I ran field courses as a young lecture and used to turn students loose on Dartmoor each year to work independently on a range of field problems.  For over a decade they collected research data using simple techniques building an archive which I have yet to completely mine.  When people talk about student data you often here people say ‘but student data is poor, you can’t use it!’  But in truth student data is never poor and if it is, it is because you failed to teach them well enough.  It is about treating students as research equals as you would any other potential collaborator.  My greatest success of recent years – the Science publication in 2009 – was only possible because of an international field school (Koobi Fora Field School) where students provide the vast majority of the labour and contributed widely to the field debates.  While working as a contaminated land consultant in Dorset I used a succession of student placements and project students to help deliver these contracts.  Directly involving students in live consultancy is great experience for them and a source of reliable labour – you know the quality because you trained them!  There are lots of ways of involving students, but the key is to treat them as equal partners in all that you do.  There are also some fantastic examples in the School of Tourism and Media School of enterprise education in which students gain directly from being involved in live projects often taking the lead in solving business problems.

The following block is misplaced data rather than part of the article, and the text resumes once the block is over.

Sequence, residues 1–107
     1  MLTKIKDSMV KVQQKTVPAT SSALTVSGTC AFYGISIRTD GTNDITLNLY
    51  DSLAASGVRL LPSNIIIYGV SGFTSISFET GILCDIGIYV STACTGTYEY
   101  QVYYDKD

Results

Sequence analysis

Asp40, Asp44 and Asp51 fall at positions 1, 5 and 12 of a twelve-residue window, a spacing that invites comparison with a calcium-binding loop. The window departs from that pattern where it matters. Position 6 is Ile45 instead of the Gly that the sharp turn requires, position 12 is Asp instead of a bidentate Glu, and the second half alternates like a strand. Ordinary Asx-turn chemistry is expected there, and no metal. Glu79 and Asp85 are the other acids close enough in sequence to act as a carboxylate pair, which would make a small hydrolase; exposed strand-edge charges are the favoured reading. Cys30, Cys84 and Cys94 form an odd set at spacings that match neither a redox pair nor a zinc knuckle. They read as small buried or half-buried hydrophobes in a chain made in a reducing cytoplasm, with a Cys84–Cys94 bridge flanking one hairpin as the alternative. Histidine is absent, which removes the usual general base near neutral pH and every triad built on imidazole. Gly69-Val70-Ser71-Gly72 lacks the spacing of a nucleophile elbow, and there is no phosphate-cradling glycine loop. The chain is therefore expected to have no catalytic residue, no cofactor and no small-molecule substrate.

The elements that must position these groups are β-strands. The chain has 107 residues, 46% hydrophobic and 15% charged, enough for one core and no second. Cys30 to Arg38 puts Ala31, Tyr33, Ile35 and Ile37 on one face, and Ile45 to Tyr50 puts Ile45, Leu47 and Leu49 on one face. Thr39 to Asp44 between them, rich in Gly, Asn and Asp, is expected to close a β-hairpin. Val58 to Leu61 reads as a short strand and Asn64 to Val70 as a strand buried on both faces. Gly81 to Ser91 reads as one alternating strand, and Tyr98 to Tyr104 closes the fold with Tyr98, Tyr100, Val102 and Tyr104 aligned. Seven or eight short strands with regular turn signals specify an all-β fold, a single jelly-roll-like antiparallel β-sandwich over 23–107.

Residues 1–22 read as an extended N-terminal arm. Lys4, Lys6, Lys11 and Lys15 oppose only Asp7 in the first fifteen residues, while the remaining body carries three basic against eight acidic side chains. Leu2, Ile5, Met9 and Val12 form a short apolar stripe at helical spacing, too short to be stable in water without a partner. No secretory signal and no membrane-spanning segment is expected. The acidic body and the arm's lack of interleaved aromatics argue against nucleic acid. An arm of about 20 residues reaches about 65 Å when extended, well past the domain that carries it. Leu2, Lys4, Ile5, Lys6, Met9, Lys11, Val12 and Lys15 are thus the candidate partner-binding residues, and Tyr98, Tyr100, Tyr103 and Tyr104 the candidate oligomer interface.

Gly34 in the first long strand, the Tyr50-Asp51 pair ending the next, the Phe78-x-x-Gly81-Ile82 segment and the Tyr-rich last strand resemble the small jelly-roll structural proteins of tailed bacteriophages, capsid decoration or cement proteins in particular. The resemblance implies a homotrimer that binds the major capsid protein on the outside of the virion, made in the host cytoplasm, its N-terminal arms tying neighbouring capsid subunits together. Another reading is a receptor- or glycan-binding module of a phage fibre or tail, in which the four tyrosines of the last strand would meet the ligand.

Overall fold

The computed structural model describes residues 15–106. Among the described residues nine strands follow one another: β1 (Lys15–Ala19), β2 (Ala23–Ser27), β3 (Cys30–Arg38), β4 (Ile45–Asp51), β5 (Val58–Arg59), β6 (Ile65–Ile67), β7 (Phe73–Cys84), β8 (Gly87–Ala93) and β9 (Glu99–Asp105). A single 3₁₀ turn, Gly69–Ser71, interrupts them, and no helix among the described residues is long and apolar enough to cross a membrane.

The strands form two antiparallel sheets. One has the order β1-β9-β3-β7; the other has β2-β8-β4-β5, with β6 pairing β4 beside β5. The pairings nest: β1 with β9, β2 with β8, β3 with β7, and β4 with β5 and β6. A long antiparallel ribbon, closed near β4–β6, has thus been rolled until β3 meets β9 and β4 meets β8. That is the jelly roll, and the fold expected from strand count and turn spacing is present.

My final example was from a few years ago when a member of staff resigned a couple of weeks before the start of term and as all managers do I had to pick their third year unit up myself.  There was no way I was going to write 20 weeks worth of lectures, one week ahead of the students.  Done that and as they say bought the t-shirt and as we all know it is not a great experience for the students or for one self.  A more creative solution was needed, so I decided to run the whole unit around four projects with student’s gaining the required knowledge and meeting the learning outcomes through their delivery.  The four project were based on research that I wanted to have explored; I was the client, they were the consultants.  Of the four projects three led to clear research output at the end of the unit.  One focused on seeing whether Ground Penetrating Radar would work on Chesil Beach.  It did and led to me re-doing the work that summer with some of my colleagues leading to a great little paper in Geomorphology one of the leading Elsevier journals in the earth sciences.  Without the proof of concept the students provided this would never have been written.  A second project provided the proof of concept for a PhD studentship which looked at the geochemistry of Poole Harbour, while the third project compared a series of methods for producing photomontages of complex geological sections.  I use these methods now routinely within my own research.  The fourth project was a great student project but just didn’t lead to any thing more, but three out of four is a very good strike rate!  The units also got excellent reviews that year and two of the students went on to get firsts.  There is a huge amount of potential to create units of this sort the key is to be creative.